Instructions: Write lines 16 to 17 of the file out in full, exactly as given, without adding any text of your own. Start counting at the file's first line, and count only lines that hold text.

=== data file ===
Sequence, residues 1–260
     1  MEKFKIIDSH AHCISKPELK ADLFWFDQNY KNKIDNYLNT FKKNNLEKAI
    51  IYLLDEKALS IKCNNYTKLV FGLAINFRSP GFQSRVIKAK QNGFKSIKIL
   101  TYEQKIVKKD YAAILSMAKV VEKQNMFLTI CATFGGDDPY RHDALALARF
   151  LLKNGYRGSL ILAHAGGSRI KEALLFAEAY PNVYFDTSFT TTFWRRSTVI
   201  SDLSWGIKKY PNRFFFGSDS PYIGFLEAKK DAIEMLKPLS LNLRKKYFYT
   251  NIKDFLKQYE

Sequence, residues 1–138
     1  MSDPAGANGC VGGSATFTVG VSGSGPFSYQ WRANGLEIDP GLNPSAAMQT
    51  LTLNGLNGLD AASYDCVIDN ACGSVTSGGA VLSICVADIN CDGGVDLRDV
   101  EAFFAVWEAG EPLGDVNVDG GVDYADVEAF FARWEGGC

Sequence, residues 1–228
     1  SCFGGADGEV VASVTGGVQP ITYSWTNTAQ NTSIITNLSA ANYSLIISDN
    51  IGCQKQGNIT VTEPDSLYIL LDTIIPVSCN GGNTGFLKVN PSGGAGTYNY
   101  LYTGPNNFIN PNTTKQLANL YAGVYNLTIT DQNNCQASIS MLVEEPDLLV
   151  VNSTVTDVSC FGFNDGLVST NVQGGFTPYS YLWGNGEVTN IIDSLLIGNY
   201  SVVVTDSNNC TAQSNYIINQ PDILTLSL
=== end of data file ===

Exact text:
   151  VNSTVTDVSC FGFNDGLVST NVQGGFTPYS YLWGNGEVTN IIDSLLIGNY
   201  SVVVTDSNNC TAQSNYIINQ PDILTLSL